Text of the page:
By Olivia Alperstein
The right to free speech does not excuse or protect hate speech. Not on college campuses, not anywhere.
When the founders amended the Constitution, they gave special protection to people who would speak out against oppression and tyranny. The First Amendment guarantees the right to free expression, including the power to protest, because the men who fought in the American Revolution understood deeply how those in power could silence the voices of ordinary people.
The First Amendment's true, original intent was to shield a fledgling democracy against the forces of oppression. People who use the First Amendment as a shield to defend their own hate speech are defending the very oppression that our forebears fought so hard to eliminate.
Did James Madison anticipate that in the 21st century people would use the First Amendment to defend someone's inalienable right to smear feces in the shape of a swastika on the wall of a unisex bathroom stall at the University of Missouri? Hardly.
At Mizzou, Yale, Claremont McKenna, and other institutions of higher education, racist incidents like this have sparked protests, forcing the president of Mizzou and the dean of students at Claremont to resign. Students of color and their campus allies are calling for the dismantling of power structures and systemic practices that perpetuate institutional racism. Students across the United States are expressing solidarity, and alumni have come together across social media platforms and in some cases in person to show their support.
These protests haven't happened in a vacuum. We have not erased the effects of centuries of hatred and aggression against people of color; on the contrary, it appears that white supremacists are fighting harder than ever to maintain a hold against the swelling tide of tolerance and progress.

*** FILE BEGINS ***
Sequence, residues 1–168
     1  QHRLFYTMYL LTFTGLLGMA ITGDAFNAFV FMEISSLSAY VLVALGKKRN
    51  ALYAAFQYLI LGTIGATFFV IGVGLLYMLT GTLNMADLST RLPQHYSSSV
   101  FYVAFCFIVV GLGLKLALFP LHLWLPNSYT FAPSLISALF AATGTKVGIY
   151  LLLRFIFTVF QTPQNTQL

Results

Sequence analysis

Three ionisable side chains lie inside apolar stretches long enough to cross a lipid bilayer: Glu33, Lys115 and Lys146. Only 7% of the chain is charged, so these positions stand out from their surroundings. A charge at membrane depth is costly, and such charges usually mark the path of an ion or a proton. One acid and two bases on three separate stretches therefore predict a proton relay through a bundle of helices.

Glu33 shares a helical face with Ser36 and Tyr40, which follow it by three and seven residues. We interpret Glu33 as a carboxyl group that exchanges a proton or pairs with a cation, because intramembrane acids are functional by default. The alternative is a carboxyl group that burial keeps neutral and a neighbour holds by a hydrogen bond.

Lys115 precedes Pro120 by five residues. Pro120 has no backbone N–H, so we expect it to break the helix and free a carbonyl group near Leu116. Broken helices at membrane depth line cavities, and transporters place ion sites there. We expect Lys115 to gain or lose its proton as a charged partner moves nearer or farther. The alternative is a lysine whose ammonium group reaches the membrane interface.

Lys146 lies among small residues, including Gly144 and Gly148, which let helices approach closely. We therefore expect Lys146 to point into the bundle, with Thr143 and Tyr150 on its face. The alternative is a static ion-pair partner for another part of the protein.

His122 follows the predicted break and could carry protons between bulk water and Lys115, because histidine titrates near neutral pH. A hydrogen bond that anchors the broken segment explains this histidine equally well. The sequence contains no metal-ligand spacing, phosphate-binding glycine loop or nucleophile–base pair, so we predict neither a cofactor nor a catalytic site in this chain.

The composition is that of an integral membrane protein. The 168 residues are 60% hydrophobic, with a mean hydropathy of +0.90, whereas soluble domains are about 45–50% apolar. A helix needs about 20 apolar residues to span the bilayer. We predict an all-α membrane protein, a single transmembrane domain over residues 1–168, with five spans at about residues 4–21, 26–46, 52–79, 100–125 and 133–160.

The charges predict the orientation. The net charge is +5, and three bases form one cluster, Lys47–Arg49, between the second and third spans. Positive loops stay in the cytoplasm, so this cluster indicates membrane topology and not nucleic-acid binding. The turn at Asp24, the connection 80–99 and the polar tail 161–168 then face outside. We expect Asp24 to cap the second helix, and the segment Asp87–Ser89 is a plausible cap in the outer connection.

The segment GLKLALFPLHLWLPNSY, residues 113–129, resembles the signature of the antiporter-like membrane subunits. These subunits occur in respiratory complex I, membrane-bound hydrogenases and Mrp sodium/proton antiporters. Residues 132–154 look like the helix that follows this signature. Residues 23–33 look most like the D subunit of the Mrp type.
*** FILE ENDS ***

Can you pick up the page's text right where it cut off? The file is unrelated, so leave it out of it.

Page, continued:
I am a recent graduate of Wesleyan University, an imperfect institution that prides itself on its diverse community but has had its share of related controversies on and off campus.
The Cardinal Conservatives held an anti-affirmative-action bake sale that set different prices for different races and ethnicities in 2010. The next year, a student taped signs across our dining hall doors saying "no colored people allowed" during a school festival as a "joke." And a survivor of sexual assault who spoke out was hounded by fraternity members until she was forced to leave campus.
Most recently, an incendiary op-ed criticizing the Black Lives Matter movement that appeared in the Wesleyan Argus, the student-run newspaper, ignited a firestorm and provoked calls to defund the paper.
But Wesleyan is better equipped than most universities to address its shortcomings regarding racial justice. Many of the school's high-achieving students go there because of the ways in which it encourages dialogue, curiosity, and discovery.
Hate speech and racial profiling are still a lingering part of campus culture throughout the nation despite attempts to make universities safe places of learning for all. The incidents that have sparked outrage are part of that continuing pattern. They're fundamentally reprehensible, and we all should join together to figure out how to make campuses safer and more welcoming to students of color.
In the midst of a groundbreaking racial-justice movement, people are uniting across economic and cultural divides to join in protest of a system that makes it even harder for people of color to survive, much less thrive, in America today. Speech is a critical part of that movement and of the violent backlash against it.
Our nation is uniquely positioned to embrace this movement. We must strive to become a nation free from hatred, a nation truly indivisible, with liberty and justice for all. There is a welcome place in our nation for disagreement and debate and differences, but not for vitriol or calls for violence against other people.